For 2012’s The Convert, directed by Michael John Garcés at Woolly in 2013, Gurira returned to Zimbabwe, but this time to the late 1890s, when the country is a British possession known as Southern Rhodesia. Christianity is sweeping the territory, offering a way for a young Shona-born woman, Jekesai, to escape an unwanted arranged marriage by becoming a servant in the household of Chilford Ndlovu, another convert. Under Chilford’s tutelage, Jekesai takes on a new identity and changes her name to Esther, but a series of tragic circumstances forces her to confront the inner conflict between her native culture and her new religion. Ultimately she is drawn back to her Shona roots, but at a devastating and bloody cost.
Familiar is Gurira’s first play set in the United States — and her first unabashed comedy — yet it continues and deepens her focus on cultural identities in collision. The story was inspired by a wedding in Gurira’s own family, in which a Zimbabwean cousin and fellow Midwesterner married a white American. Gurira was struck by the dynamics of the coming together of these two cultures, describing it in an interview with Playwrights Horizons Artistic Director Tim Sanford as “a beautiful mess.”
The core cultural conflict in Familiar is not so much between the Zimbabwean-American Chinyaramwira family and their new son-in-law, but within their own family and its complicated feelings about Zimbabwe itself. Parents Donald and Marvelous came to the United States for an education and stayed, embracing a life as naturalized American citizens and raising their two English-only-speaking daughters, Tendi and Nyasha, both of whom are now expressing curiosity and appreciation for their heritage in new ways. The arrival of Marvelous’s older sister Annie, who has made a life primarily in Zimbabwe, throws the family into upheaval, as she brings with her not only ancient rituals but vivid reminders of the values and people they left behind.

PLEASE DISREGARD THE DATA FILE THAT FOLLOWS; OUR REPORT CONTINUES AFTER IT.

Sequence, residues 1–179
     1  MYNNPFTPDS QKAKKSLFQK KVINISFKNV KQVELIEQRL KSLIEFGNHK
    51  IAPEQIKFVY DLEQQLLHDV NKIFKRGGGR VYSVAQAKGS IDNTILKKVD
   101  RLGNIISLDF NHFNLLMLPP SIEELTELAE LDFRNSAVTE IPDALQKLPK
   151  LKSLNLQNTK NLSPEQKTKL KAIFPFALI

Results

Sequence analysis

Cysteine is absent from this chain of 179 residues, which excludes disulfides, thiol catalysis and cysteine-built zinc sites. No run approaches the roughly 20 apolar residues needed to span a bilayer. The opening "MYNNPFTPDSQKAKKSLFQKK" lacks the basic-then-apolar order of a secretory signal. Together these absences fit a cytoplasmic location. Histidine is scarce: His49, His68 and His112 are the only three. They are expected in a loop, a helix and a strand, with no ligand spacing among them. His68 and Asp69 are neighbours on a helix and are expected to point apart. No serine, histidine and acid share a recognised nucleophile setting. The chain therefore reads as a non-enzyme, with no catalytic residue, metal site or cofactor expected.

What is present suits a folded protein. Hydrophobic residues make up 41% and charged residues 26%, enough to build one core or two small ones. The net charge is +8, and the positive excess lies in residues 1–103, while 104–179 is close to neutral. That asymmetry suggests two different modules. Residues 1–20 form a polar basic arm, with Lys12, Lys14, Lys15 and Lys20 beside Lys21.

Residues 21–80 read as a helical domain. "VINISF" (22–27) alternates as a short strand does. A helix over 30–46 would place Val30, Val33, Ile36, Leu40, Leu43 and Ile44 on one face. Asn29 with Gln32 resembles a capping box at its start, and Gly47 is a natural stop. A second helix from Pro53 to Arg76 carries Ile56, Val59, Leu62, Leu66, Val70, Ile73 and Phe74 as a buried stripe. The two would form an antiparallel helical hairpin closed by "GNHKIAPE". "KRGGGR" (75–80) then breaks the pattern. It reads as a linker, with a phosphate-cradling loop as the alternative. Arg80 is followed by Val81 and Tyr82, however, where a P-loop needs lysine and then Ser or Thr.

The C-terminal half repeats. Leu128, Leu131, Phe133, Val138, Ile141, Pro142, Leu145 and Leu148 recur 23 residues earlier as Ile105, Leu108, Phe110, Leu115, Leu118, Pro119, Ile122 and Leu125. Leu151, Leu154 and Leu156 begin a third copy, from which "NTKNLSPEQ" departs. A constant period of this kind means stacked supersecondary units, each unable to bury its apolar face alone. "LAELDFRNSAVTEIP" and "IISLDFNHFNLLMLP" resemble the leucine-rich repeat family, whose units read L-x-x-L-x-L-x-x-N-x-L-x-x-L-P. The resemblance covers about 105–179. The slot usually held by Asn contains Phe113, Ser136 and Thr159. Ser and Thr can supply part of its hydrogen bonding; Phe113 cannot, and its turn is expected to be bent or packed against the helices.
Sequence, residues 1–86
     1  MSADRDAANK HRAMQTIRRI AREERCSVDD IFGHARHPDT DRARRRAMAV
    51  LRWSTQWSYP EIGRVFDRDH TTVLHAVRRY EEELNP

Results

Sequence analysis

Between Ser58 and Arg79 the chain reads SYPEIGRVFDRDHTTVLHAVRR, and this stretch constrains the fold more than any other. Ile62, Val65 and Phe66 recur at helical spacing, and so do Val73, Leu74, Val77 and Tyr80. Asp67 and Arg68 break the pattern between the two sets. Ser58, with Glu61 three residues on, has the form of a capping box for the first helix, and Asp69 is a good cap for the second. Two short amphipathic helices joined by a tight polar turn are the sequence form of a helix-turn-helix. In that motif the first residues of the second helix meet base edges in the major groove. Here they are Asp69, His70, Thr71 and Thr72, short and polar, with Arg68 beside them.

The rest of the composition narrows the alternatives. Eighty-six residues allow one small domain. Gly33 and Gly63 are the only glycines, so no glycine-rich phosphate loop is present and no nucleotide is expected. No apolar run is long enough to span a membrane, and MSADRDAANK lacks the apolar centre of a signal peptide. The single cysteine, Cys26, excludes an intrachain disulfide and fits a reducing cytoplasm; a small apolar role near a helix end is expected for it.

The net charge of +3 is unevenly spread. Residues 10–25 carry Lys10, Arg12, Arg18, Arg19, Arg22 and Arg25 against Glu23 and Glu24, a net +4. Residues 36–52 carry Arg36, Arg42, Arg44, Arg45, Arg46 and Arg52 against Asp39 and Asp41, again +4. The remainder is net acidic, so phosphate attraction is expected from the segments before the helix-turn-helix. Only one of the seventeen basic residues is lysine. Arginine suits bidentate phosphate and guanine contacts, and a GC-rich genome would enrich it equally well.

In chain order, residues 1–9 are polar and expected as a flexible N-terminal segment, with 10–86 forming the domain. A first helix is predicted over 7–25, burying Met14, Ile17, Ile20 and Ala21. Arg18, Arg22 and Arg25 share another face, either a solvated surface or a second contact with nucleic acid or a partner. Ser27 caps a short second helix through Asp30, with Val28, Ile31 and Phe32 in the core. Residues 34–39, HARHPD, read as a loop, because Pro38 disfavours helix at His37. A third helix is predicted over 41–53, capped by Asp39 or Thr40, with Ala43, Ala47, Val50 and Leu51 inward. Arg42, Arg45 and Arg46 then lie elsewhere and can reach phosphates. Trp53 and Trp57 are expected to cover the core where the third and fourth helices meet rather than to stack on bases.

At a time when the lives of many immigrants in the United States are precarious, Gurira shines an honest light on the true costs of assimilation and the sacrifices made when accepting a new life and culture. “How do you create a home in a world that’s new and unfamiliar?” Gurira has asked when describing the play. “Can you fully assimilate without your true home, whatever and wherever it may be, calling out inside you, ignored and yet insistent?” Each of the characters in Familiar struggles with this question of identity and assimilation in their own particular way.
From the streets of Harare to the living rooms of suburban Minnesota, Gurira continues in her career an ongoing project of lifting the voices of African women, personalizing and humanizing their stories against backdrops of historic change.
Describing her work to Sanford, she says “I think that’s a goal in all my plays, honestly, to get into the personal, but to have a macro ramification, or to look at things that people can look at as a statistic or stereotype in one way and to make them have to spend time with a person that they may even end up relating to a little in some strange, tiny way. To see the complexity of something they might have thought of as something simply statistical and ‘over there somewhere.’”
Kirsten Bowen is Literary Director at Woolly Mammoth and the production dramaturg for this staging of Familiar.